Portland, OR 97205-5886

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Training opportunity in Portland Oregon

Application Deadline On August 20
Application is open until this Tuesday, Aug. 20 for With an Eye Towards Nature: A Japanese Garden Design Intensive.

Created for design professionals and taught by Garden staff including Garden Curator Sadafumi Uchiyama, this new short intensive course takes place October 22-24, 2019 at Portland Japanese Garden and offsite in the Columbia Gorge including an overnight at the stunning Menucha Retreat Center.

The course is eligible for 16 continuing education credits for members of the Association of Professional Landscape Designers and is eligible for CEUs or professional development credits for other organizations as well. Installment plans are available for tuition fee.

Questions? Contact us at thecenter@japanesegarden.org

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Deadline extended for Portland training

Apply by May 1

“My personal goals were exceeded as the seminar immersed us in Japanese culture and explained the reasons behind techniques and ideas used in Japanese gardens.”

– Ayse Pogue, Senior Horticulturalist, Elizabeth Hubert Malott Japanese Garden, Chicago Botanical Garden, 2016 seminar participant

The deadline has been extended for application to the Waza to Kokoro: Hands and Heart hands-on seminar in Japanese garden arts. An immersive, professional-level course unparalleled in the world, Waza to Kokoro is acclaimed by  gardeners, landscape architects and designers, aesthetic pruners, horticulturalists, and stonemasons alike.

Learn stone setting, bamboo fence construction, design, history, aesthetics, and other topics, all integrated into a holistic learning experience framed in the culture of tea.  The course takes place at Portland Japanese Garden and offsite venues, with faculty from Garden staff as well as visiting instructors from Japan.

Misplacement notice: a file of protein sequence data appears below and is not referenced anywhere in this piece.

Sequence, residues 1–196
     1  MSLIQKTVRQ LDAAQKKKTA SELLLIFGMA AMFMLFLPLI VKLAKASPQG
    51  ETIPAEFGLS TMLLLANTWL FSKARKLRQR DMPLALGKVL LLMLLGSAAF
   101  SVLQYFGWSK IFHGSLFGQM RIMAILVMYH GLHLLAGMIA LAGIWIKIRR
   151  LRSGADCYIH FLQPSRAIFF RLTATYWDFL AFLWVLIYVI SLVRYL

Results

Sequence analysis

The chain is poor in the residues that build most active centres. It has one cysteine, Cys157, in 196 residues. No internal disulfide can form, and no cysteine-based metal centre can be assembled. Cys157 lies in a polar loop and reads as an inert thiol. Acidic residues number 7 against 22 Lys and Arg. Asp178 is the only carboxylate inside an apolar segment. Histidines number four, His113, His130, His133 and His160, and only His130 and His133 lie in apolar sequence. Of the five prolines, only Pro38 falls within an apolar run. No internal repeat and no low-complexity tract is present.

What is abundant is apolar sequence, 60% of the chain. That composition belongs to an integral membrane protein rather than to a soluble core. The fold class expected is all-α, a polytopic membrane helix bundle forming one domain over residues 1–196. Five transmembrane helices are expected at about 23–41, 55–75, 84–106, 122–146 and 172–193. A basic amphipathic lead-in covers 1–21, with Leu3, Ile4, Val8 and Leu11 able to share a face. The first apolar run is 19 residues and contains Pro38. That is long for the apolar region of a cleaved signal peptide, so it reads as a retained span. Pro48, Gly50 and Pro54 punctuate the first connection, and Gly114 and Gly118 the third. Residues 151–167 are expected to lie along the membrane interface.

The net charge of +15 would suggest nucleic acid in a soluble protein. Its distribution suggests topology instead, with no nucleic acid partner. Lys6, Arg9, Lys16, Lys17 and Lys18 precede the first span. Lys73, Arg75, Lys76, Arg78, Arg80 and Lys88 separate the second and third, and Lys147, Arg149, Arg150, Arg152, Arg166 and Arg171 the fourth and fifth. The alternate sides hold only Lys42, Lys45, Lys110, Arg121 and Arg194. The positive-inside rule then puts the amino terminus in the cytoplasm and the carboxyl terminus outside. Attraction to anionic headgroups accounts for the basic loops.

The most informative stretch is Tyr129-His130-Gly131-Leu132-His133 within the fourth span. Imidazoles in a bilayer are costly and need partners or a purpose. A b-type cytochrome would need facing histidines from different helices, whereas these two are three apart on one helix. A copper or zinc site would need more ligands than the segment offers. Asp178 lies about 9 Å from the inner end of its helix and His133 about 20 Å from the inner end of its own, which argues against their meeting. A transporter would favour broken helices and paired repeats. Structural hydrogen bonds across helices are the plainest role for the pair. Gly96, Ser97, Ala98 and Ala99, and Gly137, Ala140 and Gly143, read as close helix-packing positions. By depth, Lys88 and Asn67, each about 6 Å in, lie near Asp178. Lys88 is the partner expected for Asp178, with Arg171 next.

Explore images and stories from previous seminars in this Landscape Architecture Magazine article.

The intermediate level seminar takes place September 16 – 27, 2019.  The application deadline is May 1.

Scholarships and payment plans are available to make the seminar more affordable. 

Questions? Contact us at thecenter@japanesegarden.org

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Entry deadline nears for Waza To Kokoro in Portland

Application Deadline: April 15

“The course was brilliant. I met some amazing people and learnt a lot, and it will leave a lasting impact on what I do in the future. I will be recommending it.”

–Jake Davies-Robertson, gardener, Kew Gardens

April 15 is the application deadline for the intermediate-level Waza to Kokoro: Hands and Heart seminar in Japanese garden arts. This unparalleled experience in hands-on landscape education has proven a transformative professional experience for gardeners, landscape architects, horticulturalists, stone masons and designers from five countries.   

The seminar, now in its fourth year, presents training in stone setting, bamboo fence construction, design, history, aesthetics, and other topics — all integrated into a holistic learning experience framed in the culture of tea.  The course takes place at Portland Japanese Garden and offsite venues, with faculty from Garden staff as well as visiting instructors from Japan. 

Explore images and stories from previous seminars in this Landscape Architecture Magazine article.

The intermediate level seminar takes place September 16 – 27, 2019.  The application deadline is April 15.

Questions? Contact us at thecenter@japanesegarden.org

APPLY NOW
Learn More about the Seminars
Learn More
Watch Video
Contact the Center

FOLLOW PORTLAND JAPANESE GARDEN

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Training opportunities in Portland, OR and Hilo, HI